My sister Eugenie and her son Leon Davit Surujon

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In this picture, my sister and her son are on a bridge over the Seine river. As a result of a proposition from France for my oldest sister Öjeni who was born in 1911, my mom, dad and sister left for France in the summer of 1932 for what they thought was a 15-20 day trip. Their trip to France proved to be quite difficult. First they took the boat named Stella Moris to Marseille which lasted 8 days and then from there took the train to Paris. This voyage coincided with a period named "Shiva Avsarmeta"(the three weeks of mourning) unbenownst to them. They were able to come back 2 months later. During those weeks, there can be no marriages by the Rabbinate, no house buying, no new clothes and no moving into a new home. They were there and had nothing to do, so they stayed in a hotel for 2 months, married my sister and returned. My sister's wedding was done in a hotel (just like in Israel, the rabbi came to the hotel). The ceremony wasn't done in the synagogue (my brother-in-law was an atheist, maybe that's why it did not take place in a temple, I am thinking that he must have accepted being married by a rabbi out of respect for my father), in the evening, after a family dinner for 90 people, my mom and dad returned to Istanbul again on the boat named Stella Morris after an 8-day voyage. My brother-in-law Henri's (In Judeo Espagnol we called him Haskiya, the husband of my sister Öjeni) father Nisim Surjon was sent as an ambassador to Italy by Padisah (Sultan) Abdülhamit . Nisim Bey (Mr. Nisim) did not get along with his wife, she settled in France in the 20th. arrondissement [neighborhood]. At the time their son Henri was studying in Galatasaray Lisesi(highschool), it was a boarding school, when he graduated he tried to go to France to get a law degree but the Turkish bureaucracy did not give him a passport. That's because Istanbul was occupied by the French and British then. Henri applied to them, and got the "Protégé orientaux" certificate and left for France, but the Turks rescinded his Turkish nationality. How unfortunate that the French also did not accept him as French. My brother-in-law finished his law degree with this certificate and married my sister Öjeni in 1932. My father had transferred 20,000 Turkish liras to France as a dowry for my sister. With this money, the young couple opened the store "Bonneterie" on Rue des Pyrenees. My sister would stay at the store and my brother-in-law would go to adjacent cities to buy merchandise and take orders. The pleasant days unfortunately were short-lived because the world was on the edge of a new war. During the second world war when the Germans invaded France , they could not touch my sister when she said "I am a Turkish citizen". The Nazi hunters were after Jews like everywhere else in the world. The staff of the police station where my sister lived would learn that the Germans were coming to look, beforehand, and warned all the Jews. Because my brother-in-law Henri was neither Turkish nor French nationality, he would escape to the nearest villages when he heard. He would hide for a few days and then return home. My sister's store was open for business and she would earn some money. Her husband would come whenever he could, shower, eat, take some money, and when he got news, he would take the train and go hide in the nearby villages. This continued on for 4 years. Only once when he was at the train station, just as he was boarding the train two Germans noticed him. When they started asking: -"Stop, who are you? What are you", my brother-in-law who had been an atheist until that day, prayed for the first time: -"Please God, save me" One of the Germans took pity on him and can you imagine that he said: -"Let him go, maybe he has a child" My brother-in-law boarded the train right in front of the Germans and descended at the Gare St. Lazare. He went to the synagogue there, took lessons of Torah and Hebrew from the rabbis and as if this were not enough, started fasting 5 days a week. For a long time he only ate on Tuesdays and the Sabbath. He took a vow that he would live this way because G-d saved him from going to the camps and he followed it. He became the volunteer custodian of this syngogue. During his escapades, he became a member of French Underground Resistance, he never fought the Germans, but he gave blood 7 times to injured French soldiers. When the French government became aware of this, they said: -"From now on you are a French national" and gave him his French passport. Their store remained open between 1932 and 1941 for about 9 years. One of the Germans became manager in the store, took over half the money earned, my sister could not tolerate this for long and transferred the store to another merchant. She received a good amount of goodwill money from this transfer, their house belonged to them, they had no rental expense, my brother-in-law Henri had started working as a salaried employee at the synagogue near Gare St. Lazare where he was the custodian. In this way they lived independently. My sister poduced a son named Leon Davit Surjon.. Leon is a full Frenchman. He completed his whole education and career there. He became an employee of the Ministry of Finance after graduating from university. Today he is 67 years old and currently is an inspector in the ministry. I was able to meet him when he visited Istanbul in 1987. When Celal Bayar became president, he granted pardon to a lot of people like my brother-in-law who had been expelled and passed a law allowing them to enter Turkey for three months a year. That's why my brother-in-law and sister were able to come visit us after many long years. I was married to my wife Erna in those years and we lived in Kadiköy [A neighborhood on the Asian side]. My brother-in-law stayed with us for only three months but took advantage of his time here. My sister and her son Leon stayed for 5-6 months, of course when it was this long, we rented a small flat in the apartment owned by my father's second wife Mrs. Eliz [the information is provided later]. There was a period of 7-8 months of discord between my brother-in-law and my sister, finally my brother-in-law convinced my sister and the family resumed their life in Paris. Because my brother-in-law was French, my sister also took on the French natioanality, they were both eligible for social security by the French government.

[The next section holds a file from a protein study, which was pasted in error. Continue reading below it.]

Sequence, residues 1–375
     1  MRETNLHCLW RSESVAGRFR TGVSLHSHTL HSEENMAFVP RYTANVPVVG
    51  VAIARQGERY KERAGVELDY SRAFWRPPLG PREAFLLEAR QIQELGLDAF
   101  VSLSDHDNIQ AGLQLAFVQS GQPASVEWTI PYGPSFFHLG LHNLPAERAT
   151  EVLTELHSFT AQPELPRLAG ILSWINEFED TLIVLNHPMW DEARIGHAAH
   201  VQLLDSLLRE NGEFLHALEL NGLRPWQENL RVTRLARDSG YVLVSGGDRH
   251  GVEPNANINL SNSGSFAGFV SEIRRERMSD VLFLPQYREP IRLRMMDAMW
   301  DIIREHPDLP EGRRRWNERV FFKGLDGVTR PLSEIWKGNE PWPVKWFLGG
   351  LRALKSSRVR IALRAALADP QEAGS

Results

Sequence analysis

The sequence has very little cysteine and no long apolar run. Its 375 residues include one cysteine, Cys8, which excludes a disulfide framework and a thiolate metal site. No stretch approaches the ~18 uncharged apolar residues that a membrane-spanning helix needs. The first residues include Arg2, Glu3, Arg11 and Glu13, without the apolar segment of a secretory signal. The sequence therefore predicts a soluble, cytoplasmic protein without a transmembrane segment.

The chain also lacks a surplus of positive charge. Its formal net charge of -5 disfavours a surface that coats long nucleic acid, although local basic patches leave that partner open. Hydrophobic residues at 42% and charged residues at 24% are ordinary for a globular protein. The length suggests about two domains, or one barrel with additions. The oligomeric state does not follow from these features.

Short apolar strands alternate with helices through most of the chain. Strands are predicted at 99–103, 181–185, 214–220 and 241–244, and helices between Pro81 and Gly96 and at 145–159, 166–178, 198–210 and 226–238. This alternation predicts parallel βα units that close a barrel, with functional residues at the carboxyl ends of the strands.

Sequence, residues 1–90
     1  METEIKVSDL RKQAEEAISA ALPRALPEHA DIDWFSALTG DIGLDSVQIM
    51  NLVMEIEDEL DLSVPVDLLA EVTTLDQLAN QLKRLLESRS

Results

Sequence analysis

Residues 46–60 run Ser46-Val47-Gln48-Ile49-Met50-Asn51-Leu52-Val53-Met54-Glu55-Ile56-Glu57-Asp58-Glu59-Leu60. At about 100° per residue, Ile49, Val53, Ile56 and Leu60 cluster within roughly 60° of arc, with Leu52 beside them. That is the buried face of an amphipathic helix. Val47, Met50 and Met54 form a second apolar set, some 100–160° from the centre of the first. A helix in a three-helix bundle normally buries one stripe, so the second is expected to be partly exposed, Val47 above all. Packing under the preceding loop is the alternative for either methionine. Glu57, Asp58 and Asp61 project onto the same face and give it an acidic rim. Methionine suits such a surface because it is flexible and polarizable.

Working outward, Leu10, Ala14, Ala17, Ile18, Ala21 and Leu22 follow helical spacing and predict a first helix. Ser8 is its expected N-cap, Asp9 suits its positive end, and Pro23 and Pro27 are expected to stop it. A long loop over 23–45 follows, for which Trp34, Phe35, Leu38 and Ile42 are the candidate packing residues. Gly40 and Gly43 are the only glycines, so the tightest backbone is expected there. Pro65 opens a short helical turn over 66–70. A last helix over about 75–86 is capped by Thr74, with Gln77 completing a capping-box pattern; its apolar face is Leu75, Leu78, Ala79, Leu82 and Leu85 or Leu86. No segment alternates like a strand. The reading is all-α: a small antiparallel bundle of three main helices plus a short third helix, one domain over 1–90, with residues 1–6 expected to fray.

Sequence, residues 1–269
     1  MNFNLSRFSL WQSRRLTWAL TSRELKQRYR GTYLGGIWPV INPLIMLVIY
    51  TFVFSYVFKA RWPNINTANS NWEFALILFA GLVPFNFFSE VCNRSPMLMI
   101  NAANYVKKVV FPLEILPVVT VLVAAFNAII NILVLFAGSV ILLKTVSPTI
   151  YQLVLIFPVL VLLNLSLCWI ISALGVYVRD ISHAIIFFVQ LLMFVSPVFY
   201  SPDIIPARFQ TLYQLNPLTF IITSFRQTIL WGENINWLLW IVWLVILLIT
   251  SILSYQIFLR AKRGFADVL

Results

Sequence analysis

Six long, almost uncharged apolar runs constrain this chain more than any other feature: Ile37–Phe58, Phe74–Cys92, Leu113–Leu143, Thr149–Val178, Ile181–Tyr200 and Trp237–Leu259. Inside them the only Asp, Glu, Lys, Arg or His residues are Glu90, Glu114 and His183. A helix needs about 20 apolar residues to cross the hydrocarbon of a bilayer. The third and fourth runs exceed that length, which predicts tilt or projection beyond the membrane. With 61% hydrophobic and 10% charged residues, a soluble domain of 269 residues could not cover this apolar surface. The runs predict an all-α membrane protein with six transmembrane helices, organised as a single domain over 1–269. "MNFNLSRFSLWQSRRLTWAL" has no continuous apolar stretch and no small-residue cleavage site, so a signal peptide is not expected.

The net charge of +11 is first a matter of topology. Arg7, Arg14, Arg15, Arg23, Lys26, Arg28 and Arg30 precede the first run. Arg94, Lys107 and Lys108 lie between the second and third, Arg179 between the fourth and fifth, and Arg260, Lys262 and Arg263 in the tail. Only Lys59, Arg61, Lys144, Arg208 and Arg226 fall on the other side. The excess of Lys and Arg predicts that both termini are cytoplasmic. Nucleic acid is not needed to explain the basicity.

Interview details

Interviewee: Nesim Alkabes
Meri Schild
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Istanbul, Turkey


Eugenie Surujon
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Ottoman Empire
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after WW II
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Leon Davit Surujon
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after WW II:
Civil servant